BIOL 430 PLANT PHYSIOLOGY [+]
Advanced study of the physiological mechanisms utilized by plants with special reference to the higher phyla. Prerequisite: BIOL 212, CHEM 221. Three hours lecture, three hours laboratory per week.
BIOL 433 ENVIRONMENTAL MICROBIOLOGY [+]
Study of the diversity and interactions of microorganisms in their natural environments. Emphasis on habitat and metabolic diversity, community interactions and industrial applications involving microbes. Prerequisite: BIOL 211. BIOL 350 is recommended but not required. 3 hours lecture, 3 hours laboratory per week.
BIOL 435 EVOLUTIONARY BIOLOGY [+]
Advanced study of the principles, mechanisms and processes of biological evolution. Prerequisite: BIOL 350. Three hours lecture per week.
BIOL 440 CONTEMPORARY GENETICS [+]
Lecture/laboratory-based exploration of biochemical techniques commonly used in industrial and academic laboratories. Prerequisites: BIOL 350 and 370, and CHEM 221; or pre/co-requisite CHEM 418. Six hours per week.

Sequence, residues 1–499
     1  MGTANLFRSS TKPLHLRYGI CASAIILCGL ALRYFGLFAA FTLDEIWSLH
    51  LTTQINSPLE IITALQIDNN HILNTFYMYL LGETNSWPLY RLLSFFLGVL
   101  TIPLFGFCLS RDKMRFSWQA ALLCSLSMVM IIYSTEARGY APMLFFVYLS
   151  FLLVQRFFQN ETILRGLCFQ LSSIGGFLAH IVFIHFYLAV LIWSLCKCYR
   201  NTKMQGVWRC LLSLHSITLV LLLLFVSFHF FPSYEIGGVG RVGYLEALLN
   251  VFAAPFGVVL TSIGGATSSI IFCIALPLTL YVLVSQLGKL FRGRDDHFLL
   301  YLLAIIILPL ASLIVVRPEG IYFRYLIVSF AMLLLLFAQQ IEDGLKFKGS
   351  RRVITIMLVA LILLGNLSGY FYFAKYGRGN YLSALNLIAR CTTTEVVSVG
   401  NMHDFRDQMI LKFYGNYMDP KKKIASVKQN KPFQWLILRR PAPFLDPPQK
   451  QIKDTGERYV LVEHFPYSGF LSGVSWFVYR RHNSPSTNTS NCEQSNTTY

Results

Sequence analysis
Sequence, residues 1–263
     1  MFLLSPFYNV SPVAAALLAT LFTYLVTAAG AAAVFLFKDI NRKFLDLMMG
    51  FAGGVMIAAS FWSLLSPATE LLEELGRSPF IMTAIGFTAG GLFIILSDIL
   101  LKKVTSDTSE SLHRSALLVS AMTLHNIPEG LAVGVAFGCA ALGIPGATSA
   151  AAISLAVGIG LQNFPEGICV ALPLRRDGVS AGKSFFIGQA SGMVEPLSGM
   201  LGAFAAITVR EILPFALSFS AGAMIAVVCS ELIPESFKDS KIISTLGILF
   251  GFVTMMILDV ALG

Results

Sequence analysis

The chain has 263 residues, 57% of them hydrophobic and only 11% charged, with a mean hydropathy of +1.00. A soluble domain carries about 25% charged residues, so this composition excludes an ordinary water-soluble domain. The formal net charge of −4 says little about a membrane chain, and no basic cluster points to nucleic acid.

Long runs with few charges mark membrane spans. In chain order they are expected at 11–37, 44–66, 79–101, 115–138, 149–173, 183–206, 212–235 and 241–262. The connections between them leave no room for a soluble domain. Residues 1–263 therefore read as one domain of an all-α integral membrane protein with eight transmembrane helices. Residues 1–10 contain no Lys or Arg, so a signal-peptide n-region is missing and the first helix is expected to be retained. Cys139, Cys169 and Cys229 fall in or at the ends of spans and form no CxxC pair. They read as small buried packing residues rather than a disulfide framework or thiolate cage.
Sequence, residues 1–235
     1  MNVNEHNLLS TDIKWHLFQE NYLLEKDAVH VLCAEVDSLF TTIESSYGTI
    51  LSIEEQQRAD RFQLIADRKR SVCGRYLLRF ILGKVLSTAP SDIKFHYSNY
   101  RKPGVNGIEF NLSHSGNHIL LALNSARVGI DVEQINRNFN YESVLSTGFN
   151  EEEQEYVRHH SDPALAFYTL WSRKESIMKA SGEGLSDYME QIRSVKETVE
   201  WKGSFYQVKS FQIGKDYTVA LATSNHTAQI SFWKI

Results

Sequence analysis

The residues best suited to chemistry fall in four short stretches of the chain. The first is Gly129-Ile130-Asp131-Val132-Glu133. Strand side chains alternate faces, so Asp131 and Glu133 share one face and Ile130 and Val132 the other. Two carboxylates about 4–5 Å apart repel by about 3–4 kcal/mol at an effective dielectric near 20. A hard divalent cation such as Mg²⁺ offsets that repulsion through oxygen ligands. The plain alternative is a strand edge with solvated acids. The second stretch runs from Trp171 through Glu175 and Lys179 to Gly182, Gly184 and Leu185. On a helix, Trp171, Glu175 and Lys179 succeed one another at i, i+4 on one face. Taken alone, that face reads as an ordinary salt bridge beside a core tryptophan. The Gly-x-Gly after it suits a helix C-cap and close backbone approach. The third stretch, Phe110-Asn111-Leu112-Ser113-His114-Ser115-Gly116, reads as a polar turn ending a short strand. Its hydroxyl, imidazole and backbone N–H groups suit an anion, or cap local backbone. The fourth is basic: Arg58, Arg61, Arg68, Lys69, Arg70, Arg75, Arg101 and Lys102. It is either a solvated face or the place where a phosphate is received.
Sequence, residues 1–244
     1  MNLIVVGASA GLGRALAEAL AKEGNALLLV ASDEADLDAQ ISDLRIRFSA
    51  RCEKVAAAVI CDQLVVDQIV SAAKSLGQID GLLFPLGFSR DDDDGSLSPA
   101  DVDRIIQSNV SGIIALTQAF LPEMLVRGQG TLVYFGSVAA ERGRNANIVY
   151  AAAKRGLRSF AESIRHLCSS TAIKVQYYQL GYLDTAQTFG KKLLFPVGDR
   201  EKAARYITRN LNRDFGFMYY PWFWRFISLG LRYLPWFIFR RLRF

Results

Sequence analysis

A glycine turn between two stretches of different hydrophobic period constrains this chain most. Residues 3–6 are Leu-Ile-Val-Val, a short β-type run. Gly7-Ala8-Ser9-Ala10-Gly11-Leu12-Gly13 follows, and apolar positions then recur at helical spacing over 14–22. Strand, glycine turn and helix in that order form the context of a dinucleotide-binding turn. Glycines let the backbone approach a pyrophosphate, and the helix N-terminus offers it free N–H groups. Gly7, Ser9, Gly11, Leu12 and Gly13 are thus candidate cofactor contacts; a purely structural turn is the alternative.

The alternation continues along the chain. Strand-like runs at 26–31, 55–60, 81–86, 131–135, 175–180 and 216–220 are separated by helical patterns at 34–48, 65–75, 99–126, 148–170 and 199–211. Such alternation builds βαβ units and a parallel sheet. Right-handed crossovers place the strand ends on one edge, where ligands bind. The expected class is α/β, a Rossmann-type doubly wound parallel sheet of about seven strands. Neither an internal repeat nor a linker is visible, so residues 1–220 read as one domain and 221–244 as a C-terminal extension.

BIOL 445 VIROLOGY [+]
Study of structure, replication and pathogenesis of viruses with emphasis on animal viruses and the role of viruses in our current understanding of cell and molecular biology. Prerequisite: BIOL 350. Three hours per week.
BIOL 450 INTERNSHIP IN BIOLOGY [+]
Experiences in biology-related work provide students with an opportunity to use acquired biological knowledge in a professional way and to investigate potential career options. Under special circumstances this course may be taken a second time for credit, but only with permission of the internship coordinator. Prerequisites: Junior standing, biology major and approval of Internship Coordinator. 45 student contact hours per credit hour. Permission to register must be granted prior to the experience and registration must be concurrent with the experience. (P/F)
BIOL 460 BIOLOGY OF CELL MEMBRANES [+]
Advanced course exploring the biology of bacterial, plant and animal cell membranes with an emphasis on how these important organelles allow cells and organisms to adapt to severe, inhospitable or constantly changing physical environments. Prerequisite: BIOL 350. Three hours per week. Meets General Education IVB (Prior to Fall 2008: IIIB).